Florida Power & Light is also planning two new reactors in the Everglades as an addition to their Turkey Point nuclear plant. They are fresh off a public relations victory based on an expansion and upgrades to their existing reactors at Turkey Point and up further north near Port St. Lucie, FL. These plants are in some of the least seismically active places in the country so don’t fret about earthquakes. What is worrisome though are the hurricanes that come sweeping through, with increasing intensity predicted. Hurricane Andrew gave the Turkey Point nuclear plant a thrashing in 1992 when the main water tank and smokestack that were destroyed, in addition to a loss of off-site power. As Alan Farago has pointed out on Counterpunch, there is also the issue of rising seas to contend with and he offers us a glimpse of the nightmarish future in the beautiful and unique swamplands of southern Florida:

Long after seas rise to flood everything around Turkey Point but the 300 acre fill pad to be elevated 20 feet above sea level, [it will look] to future generations like a gargantuan, radioactive flat-topped Mayan temple.

This is what the nuclear industry in a dramatically changing climate looks like.

To circumvent the criticism about this that may come from the camps of Monbiot-bots out there, clearly if nuclear power plants continue to get shut down (Kewaunee in Wisconsin has just been officially closed and California’s San Onofre’s inevitable closure seems likely to follow) the power source must get replaced. It will more than likely get replaced with natural gas and that means more fracking. Of course, this is a terrible choice and I am not about to argue the lesser of two evils. It appears that U.S. citizens need to seriously evaluate the power of their utility companies and challenge them every step of the way forward. They are uniquely influential when it comes to mapping out our energy futures. If left unchallenged, they will make terrible choices that are in their very narrow interests, to hell with their own and everyone else’s grandchildren.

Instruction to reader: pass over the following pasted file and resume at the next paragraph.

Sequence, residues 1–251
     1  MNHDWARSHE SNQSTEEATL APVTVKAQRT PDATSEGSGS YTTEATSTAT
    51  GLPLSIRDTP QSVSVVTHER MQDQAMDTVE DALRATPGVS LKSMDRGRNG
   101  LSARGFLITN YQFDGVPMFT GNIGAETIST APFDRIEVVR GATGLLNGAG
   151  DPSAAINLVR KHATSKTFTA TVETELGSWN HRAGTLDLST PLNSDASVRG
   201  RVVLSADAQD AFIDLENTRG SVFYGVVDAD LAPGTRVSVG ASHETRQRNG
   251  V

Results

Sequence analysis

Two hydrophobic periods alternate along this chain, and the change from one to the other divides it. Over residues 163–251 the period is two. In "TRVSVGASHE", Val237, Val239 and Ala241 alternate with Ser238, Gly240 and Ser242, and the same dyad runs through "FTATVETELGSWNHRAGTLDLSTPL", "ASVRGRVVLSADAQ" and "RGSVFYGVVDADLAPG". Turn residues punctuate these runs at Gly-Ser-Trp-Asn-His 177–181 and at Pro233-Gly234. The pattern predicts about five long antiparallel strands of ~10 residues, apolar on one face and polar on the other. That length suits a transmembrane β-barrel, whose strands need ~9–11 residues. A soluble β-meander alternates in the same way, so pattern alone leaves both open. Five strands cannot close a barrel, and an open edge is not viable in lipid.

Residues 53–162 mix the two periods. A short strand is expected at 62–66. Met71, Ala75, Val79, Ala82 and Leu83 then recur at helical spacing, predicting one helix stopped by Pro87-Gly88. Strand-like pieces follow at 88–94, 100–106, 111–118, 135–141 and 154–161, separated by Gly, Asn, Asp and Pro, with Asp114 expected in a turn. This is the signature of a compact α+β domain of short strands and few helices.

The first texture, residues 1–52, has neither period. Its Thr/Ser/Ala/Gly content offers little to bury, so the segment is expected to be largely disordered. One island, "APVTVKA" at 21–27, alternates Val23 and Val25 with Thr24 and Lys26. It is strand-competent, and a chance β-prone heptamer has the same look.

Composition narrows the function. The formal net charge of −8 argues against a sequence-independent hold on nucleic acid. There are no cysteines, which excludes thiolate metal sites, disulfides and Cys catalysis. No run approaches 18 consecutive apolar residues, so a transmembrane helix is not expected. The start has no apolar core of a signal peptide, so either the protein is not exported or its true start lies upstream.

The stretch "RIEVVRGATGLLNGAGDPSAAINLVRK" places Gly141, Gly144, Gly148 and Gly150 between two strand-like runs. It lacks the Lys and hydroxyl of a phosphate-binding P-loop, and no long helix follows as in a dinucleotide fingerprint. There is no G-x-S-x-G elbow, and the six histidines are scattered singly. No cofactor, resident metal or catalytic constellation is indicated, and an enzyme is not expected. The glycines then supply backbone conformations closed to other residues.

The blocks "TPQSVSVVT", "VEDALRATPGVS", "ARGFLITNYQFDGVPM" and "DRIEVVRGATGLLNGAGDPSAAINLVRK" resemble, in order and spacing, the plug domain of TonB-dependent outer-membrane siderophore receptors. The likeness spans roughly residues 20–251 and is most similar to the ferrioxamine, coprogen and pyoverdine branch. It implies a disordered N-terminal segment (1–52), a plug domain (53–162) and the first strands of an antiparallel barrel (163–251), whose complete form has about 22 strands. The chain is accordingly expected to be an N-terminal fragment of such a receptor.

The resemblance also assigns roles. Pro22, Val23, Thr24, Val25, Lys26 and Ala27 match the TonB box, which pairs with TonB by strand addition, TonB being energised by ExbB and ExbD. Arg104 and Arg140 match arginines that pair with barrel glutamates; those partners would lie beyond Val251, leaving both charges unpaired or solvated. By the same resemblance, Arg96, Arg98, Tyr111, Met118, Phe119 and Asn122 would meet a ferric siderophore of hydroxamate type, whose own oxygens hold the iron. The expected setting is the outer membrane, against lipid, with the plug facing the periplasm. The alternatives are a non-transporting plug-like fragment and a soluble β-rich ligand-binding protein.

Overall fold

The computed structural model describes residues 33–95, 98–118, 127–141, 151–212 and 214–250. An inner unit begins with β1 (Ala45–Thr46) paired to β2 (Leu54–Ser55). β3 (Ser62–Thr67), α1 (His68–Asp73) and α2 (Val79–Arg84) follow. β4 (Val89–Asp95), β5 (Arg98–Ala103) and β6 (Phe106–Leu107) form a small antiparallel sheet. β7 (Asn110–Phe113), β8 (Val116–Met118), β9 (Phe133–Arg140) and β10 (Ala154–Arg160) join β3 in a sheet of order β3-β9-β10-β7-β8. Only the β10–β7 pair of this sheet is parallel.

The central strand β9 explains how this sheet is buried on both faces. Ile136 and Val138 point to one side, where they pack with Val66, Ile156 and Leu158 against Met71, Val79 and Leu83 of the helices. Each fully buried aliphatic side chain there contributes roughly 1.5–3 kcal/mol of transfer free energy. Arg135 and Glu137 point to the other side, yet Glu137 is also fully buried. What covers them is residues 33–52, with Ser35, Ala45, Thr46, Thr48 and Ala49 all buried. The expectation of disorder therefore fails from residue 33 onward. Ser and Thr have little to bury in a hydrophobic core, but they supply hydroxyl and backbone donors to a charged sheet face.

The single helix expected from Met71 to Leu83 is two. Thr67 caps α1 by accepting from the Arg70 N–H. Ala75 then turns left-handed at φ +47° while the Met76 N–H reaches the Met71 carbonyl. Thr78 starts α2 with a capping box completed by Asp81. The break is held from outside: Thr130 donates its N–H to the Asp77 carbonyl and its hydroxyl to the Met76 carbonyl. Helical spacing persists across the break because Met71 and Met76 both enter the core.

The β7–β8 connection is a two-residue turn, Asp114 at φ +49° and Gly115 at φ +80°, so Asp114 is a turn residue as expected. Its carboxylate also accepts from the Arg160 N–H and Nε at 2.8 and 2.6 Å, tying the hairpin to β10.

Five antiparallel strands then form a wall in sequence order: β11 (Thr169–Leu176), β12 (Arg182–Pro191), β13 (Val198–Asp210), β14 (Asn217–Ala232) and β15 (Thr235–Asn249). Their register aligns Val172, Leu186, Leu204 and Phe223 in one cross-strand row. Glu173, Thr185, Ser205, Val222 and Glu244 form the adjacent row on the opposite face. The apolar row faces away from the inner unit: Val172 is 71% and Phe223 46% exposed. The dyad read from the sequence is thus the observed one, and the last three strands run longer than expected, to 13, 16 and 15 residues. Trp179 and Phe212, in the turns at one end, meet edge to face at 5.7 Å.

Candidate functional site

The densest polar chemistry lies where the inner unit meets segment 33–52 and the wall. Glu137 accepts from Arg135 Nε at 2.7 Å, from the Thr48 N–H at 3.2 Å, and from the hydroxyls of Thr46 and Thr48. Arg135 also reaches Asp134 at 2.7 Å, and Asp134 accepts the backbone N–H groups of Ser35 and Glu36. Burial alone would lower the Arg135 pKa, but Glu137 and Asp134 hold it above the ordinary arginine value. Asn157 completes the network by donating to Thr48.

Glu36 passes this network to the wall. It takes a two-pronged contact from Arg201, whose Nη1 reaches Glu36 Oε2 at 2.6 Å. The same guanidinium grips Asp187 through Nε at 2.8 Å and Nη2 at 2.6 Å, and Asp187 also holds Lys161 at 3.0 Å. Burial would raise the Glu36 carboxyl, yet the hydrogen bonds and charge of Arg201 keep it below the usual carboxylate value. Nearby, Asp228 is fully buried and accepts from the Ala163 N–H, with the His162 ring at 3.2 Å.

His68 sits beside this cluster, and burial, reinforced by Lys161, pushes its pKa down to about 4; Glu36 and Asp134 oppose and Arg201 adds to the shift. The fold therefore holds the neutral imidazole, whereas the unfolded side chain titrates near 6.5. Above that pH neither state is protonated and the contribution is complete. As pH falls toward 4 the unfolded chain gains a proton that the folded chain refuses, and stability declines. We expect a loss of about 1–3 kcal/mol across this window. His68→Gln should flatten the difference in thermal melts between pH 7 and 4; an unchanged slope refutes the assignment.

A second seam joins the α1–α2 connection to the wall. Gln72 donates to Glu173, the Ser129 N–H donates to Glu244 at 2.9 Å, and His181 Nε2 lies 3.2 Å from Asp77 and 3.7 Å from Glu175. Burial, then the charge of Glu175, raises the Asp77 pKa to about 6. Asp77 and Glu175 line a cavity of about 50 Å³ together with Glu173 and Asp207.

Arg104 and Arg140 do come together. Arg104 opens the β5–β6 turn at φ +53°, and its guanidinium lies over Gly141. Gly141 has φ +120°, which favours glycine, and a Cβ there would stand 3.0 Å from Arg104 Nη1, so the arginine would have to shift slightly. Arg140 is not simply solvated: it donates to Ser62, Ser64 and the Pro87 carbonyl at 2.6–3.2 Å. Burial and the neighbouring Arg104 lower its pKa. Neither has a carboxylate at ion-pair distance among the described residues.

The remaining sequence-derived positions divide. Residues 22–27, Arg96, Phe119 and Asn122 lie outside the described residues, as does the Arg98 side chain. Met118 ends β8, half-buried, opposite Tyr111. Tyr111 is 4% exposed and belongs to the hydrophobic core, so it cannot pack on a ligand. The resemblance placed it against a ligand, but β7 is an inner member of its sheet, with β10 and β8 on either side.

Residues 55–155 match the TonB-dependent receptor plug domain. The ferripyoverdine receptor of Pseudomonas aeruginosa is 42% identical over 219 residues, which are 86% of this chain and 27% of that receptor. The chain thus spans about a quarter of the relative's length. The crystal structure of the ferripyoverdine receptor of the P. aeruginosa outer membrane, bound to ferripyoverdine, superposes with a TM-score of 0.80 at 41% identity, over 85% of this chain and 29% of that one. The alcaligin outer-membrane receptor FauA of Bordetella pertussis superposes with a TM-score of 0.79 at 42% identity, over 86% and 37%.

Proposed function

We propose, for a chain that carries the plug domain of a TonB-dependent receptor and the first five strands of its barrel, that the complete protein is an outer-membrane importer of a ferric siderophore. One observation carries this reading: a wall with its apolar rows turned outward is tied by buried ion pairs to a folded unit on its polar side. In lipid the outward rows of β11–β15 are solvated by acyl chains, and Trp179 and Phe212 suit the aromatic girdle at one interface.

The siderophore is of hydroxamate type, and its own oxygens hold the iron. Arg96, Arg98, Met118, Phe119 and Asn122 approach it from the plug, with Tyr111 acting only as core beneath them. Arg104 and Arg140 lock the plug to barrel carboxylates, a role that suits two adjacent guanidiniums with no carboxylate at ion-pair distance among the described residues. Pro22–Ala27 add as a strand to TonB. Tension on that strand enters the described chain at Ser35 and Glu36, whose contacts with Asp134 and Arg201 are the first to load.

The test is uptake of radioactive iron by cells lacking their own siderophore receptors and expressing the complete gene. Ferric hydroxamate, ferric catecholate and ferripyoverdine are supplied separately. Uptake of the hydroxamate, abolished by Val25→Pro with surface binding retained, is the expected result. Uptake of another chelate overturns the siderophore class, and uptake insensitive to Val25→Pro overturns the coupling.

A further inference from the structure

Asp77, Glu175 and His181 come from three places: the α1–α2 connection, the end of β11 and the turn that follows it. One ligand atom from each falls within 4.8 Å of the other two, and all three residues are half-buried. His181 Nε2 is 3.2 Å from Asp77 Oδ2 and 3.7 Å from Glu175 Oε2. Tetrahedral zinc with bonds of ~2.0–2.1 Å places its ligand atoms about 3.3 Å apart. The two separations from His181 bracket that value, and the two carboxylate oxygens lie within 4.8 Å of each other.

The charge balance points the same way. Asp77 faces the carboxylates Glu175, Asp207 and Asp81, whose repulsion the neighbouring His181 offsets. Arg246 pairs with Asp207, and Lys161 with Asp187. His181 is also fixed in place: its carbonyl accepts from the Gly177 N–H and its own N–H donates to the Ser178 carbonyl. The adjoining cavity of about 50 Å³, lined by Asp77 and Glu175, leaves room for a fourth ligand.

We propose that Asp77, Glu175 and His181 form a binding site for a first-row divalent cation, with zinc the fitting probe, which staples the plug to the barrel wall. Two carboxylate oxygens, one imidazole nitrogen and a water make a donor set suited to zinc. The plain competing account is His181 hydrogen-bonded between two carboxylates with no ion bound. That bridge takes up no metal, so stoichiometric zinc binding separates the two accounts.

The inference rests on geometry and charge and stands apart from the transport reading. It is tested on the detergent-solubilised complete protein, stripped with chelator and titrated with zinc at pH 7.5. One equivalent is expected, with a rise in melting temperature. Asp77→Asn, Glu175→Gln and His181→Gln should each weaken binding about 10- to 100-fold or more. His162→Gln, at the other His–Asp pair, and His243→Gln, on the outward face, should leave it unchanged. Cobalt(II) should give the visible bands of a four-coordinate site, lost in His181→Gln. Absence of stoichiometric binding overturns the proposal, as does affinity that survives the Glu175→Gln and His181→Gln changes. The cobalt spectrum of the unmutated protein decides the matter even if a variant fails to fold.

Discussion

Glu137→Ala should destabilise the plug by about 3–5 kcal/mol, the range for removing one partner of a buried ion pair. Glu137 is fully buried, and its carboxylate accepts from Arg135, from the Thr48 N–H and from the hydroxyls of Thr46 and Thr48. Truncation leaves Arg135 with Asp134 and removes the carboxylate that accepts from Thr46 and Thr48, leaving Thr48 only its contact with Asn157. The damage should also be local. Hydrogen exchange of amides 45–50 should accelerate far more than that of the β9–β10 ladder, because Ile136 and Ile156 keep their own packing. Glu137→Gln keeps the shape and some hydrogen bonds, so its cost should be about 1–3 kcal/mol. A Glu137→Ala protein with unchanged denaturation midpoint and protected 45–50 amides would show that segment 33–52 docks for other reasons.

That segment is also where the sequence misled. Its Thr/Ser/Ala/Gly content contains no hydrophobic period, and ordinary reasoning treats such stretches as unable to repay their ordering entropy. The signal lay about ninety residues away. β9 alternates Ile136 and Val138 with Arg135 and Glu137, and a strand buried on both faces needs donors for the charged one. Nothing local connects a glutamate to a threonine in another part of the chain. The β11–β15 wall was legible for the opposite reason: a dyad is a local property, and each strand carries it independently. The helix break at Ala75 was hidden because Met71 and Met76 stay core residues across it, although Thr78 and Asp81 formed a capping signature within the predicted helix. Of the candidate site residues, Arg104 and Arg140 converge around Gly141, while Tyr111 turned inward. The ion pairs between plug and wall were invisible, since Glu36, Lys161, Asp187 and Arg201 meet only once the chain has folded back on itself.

Florida’s energy sector is a classic example of this ridiculous dance the legislators and power company executives do around the citizenry, proclaiming all that hard work of legislating and developing, operating and maintaining power plants is for us. Meanwhile, they grow ever richer and less accountable and average people pay costs that are well beyond the financial realms of existence. Fossil fuels and nuclear are both incredibly dangerous to the health of our planet and species, especially when exploited at the magnitude they are in the 21st century. They threaten our children and our children’s children’s children, unborn and unnamed. They need to be stopped. There is a need for a renaissance but it is of a popular grassroots nature that will roar with intensity and be shaped by the strength and beauty of the affected, who bare their scars and redefine the nature of power.

Visit EcoWatch’s ENERGY and NUCLEAR pages for more related news on this topic.